Versioning Scheme and Tags

We follow a Major. Minor versioning scheme for production versions. For ecample, the current version number is 3.0, the next minor changes (bug fixes and small features) will appear in version 3.1, and the next overhaul will result in version 4.0.

Before a version is released for production, it undergoes a Release Candidate (RC) phase, during which it is publicly tested. Release candidate versions have the same number as the future production version, with -RC N appended, where N denotes the current revision. For example, the first release candidate for version 3.0 is 3.0-RC1, the second is 3.0-RC2, etc. Once a release candidate has been approved to be of production quality, the RC number is dropped, and the version is moved as-is to the production directory.

CVS tags for the production versions follow the scheme V_Major_Minor. Thus version 3.0 is associated with the CVS tag V_3_0. For release candidates, the suffix _RCN is added, e.g., V_3_0_RC4 for the fourth release candidate of version 3.0.

Deploying a New Version

We keep three folders under the Research Subscription website:

  1. Development (subdev)
  2. Release candidate (subRC)
  3. Production (sub)

The subdev directory always points to the HEAD version of the CVS tree, while subRC and sub contain tagged versions. Deploying a new version is therefore only a matter of updating the relevant directory. For example, to upgrade the RC directory to version 3.0-RC2, use:

research$ export CVS_RSH=ssh
research$ cd subRC
subRC$ cvs up -r V_3_0_RC2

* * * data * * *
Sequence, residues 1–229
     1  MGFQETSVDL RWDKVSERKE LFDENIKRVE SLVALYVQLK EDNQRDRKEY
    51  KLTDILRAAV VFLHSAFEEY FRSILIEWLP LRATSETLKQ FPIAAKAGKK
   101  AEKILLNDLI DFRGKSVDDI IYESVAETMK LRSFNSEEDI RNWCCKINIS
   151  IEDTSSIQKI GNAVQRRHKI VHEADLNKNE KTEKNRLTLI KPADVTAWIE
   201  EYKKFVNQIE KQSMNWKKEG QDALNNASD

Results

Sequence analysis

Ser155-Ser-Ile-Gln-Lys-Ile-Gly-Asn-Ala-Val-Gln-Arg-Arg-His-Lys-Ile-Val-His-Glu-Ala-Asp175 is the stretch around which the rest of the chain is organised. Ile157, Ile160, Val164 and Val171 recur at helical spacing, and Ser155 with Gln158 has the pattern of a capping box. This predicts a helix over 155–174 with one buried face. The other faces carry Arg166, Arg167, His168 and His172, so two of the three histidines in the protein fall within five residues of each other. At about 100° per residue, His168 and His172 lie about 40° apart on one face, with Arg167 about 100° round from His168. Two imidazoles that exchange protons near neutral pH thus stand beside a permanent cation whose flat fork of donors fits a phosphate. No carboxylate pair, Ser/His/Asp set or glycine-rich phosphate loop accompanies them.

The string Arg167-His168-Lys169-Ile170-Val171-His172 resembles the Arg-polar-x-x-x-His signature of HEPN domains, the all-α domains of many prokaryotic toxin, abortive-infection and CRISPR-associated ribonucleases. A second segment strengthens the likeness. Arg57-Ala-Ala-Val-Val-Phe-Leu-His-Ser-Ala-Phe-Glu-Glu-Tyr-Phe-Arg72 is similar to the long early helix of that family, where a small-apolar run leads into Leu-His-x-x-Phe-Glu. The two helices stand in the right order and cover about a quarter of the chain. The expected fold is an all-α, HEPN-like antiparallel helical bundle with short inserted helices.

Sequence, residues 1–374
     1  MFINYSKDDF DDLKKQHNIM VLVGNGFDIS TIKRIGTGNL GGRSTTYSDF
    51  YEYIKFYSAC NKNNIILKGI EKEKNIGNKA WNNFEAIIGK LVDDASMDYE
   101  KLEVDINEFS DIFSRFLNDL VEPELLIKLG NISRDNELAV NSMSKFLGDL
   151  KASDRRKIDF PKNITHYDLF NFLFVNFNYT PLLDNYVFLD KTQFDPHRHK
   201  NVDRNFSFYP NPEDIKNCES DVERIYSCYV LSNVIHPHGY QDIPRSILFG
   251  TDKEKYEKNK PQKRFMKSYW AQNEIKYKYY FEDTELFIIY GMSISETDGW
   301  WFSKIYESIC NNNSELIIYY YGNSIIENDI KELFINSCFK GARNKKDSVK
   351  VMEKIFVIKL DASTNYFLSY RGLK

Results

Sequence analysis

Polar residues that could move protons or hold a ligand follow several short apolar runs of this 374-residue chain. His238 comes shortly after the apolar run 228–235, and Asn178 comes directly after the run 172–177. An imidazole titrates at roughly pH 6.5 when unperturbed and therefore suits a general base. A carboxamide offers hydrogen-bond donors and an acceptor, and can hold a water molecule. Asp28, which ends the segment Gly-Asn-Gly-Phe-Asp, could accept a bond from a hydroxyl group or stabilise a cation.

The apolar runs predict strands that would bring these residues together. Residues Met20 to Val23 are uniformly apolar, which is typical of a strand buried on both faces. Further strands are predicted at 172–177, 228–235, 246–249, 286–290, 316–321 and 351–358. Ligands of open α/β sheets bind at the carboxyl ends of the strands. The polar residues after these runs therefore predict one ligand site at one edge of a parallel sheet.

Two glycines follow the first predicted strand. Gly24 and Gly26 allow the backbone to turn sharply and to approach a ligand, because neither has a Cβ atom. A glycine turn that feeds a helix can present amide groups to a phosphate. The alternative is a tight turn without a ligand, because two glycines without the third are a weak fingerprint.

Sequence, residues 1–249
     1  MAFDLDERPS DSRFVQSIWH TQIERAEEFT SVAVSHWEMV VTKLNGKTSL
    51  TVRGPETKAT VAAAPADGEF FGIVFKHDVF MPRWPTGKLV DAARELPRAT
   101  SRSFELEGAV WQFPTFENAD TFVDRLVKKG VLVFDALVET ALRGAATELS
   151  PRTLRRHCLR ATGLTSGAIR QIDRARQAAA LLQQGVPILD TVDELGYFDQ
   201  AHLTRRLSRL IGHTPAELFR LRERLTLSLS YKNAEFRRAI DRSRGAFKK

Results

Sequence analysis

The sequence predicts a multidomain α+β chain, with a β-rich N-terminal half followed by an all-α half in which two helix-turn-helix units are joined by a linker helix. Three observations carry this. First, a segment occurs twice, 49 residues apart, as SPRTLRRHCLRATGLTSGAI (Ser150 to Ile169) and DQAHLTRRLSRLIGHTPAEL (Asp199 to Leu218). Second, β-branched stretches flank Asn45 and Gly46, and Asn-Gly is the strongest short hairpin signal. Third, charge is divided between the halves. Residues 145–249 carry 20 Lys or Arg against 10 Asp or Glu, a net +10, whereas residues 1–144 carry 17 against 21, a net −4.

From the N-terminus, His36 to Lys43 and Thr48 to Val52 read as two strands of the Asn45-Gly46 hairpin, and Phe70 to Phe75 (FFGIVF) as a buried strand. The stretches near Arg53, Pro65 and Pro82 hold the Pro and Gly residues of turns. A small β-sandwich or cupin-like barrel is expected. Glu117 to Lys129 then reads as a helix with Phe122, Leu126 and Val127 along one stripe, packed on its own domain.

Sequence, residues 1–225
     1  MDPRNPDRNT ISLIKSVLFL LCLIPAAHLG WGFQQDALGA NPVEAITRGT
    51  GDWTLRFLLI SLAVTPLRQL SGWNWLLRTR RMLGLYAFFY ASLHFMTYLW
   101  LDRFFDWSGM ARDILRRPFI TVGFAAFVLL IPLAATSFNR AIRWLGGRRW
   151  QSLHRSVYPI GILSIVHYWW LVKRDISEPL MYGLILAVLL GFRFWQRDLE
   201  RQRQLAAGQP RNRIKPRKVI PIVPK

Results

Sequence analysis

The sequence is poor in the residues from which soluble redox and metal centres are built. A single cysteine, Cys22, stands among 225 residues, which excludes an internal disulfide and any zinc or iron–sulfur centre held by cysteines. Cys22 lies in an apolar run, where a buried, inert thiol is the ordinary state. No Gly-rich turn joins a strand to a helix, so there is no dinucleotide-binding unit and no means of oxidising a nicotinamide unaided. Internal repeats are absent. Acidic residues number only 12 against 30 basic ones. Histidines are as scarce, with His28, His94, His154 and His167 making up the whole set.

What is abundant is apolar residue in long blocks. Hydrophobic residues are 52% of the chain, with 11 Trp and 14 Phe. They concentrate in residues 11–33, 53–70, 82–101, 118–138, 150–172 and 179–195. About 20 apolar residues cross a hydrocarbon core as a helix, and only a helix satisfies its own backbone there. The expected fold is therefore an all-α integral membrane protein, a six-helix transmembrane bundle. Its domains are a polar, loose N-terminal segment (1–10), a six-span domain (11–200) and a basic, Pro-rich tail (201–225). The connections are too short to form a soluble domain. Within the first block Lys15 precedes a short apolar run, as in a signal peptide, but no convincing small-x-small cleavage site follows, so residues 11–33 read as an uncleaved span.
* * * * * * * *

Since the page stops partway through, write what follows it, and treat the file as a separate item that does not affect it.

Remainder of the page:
subRC$ ./fixperm

(note that the fixperm script needs to be called to set the correct permissions for the different files.)

Similarly, the following commands upgrade the production version to 3.1:

research$ export CVS_RSH=ssh
research$ cd sub
subRC$ cvs up -r V_3_1
subRC$ ./fixperm

Usually sub and subRC should not be modified in any other way. However, if, for some reason, a new sub or subRC directory need to be created, the code should be checked out from the CVS repository, and the files .options and .rtoptions should be copied into the new directory. (These two files contain user-configurable information, and are therefore not part of the CVS module. They can be fetched from a backup of the old sub or subRC directory.)

In the following example, a new subRC directory is created:

research$ export CVS_RSH=ssh
reseacrh$ cvs -d :ext:elahav@asimov.cscf:/projects/research/cvsroot co -r V_3_0_RC1 -d subRC sub
research$ cd subRC
subRC$ cp .snapshot/nightly.0/.options .
subRC$ cp .snapshot/nightly.0/.rtoptions .
subRC$ ./fixperm
Topic revision: r6 - 2006-01-27 - EladLahav